Long-term business planning including transformation. Prevent dead-end investments in applications that will clearly need to be changed out in the future. Focus instead on business planning and strategic vision to include DER in the technology landscape. This can also include enabling incremental responses to growing customer demands.

Performing while undertaking digital transformation. Give staff time to drive digital transformation while gaining experience with new procedures and business processes while there is still a relatively small amount of customer-owned energy technologies, DER and demand response on the system.

Analyzing risk carefully and early on. Lower the cost and risk of pilot programs. Planners can have a fully tested real-life technology structure within which to design, offer, and evaluate the results of a wide variety of possible offerings. They can gain experience not only with the technology itself, but with the business process changes that will inevitably accompany the widespread adoption of DER. As the most successful pilots transition smoothly into permanent programs, there is no loss of momentum while staff members struggle to scale up technologies that work well only when the number of participants is small.

A Customer-Centric Focus for the Future
While DER lifecycle management is but one way to illustrate the customer-centric approach to the future grid, it illustrates in detail the customer engagement in every step. Ultimately, if the utility has successful incorporated all the lifecycle steps discussed in the example above, it will be able to circle back to its customers with new information, new programs, and new models for continuing engagement. It becomes a win-win, both for the DER customer and for the utility.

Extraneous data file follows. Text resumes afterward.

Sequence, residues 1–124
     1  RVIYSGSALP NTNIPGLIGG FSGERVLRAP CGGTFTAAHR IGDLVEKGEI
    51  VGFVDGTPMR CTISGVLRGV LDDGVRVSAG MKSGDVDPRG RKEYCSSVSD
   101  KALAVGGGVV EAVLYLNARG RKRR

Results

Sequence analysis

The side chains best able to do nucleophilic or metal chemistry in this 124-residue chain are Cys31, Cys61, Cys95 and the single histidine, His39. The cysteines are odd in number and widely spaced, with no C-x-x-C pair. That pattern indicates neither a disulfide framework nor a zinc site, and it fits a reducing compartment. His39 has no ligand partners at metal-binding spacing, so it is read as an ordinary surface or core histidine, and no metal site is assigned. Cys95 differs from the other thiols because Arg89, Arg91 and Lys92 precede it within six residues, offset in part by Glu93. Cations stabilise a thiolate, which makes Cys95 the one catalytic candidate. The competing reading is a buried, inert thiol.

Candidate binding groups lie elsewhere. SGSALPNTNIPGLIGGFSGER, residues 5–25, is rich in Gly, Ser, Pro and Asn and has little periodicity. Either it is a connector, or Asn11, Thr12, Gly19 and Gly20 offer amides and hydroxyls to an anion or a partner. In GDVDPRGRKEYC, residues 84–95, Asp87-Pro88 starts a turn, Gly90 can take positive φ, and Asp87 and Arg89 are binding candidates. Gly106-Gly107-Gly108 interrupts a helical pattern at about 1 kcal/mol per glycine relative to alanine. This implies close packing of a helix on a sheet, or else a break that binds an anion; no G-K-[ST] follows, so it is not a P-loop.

While DER and other customer-initiated technologies may seem more like new challenges to be overcome, they offer excellent opportunities to bring the needs of your customers back to the center of your business. A customer-centric business focus stimulates increased business value now and long into the future.
 

About the Author

Bradley Williams is vice president of industry strategy, Oracle Utilities. Williams is responsible for Oracle’s smart grid strategy as well as utility solutions for outage management, advanced distribution management, mobile workforce management, work and asset management, and OT analytics. Williams has spent the past 30 years driving innovation in the utility industry in roles including T&D power system engineering, technology development, asset management and industry analyst.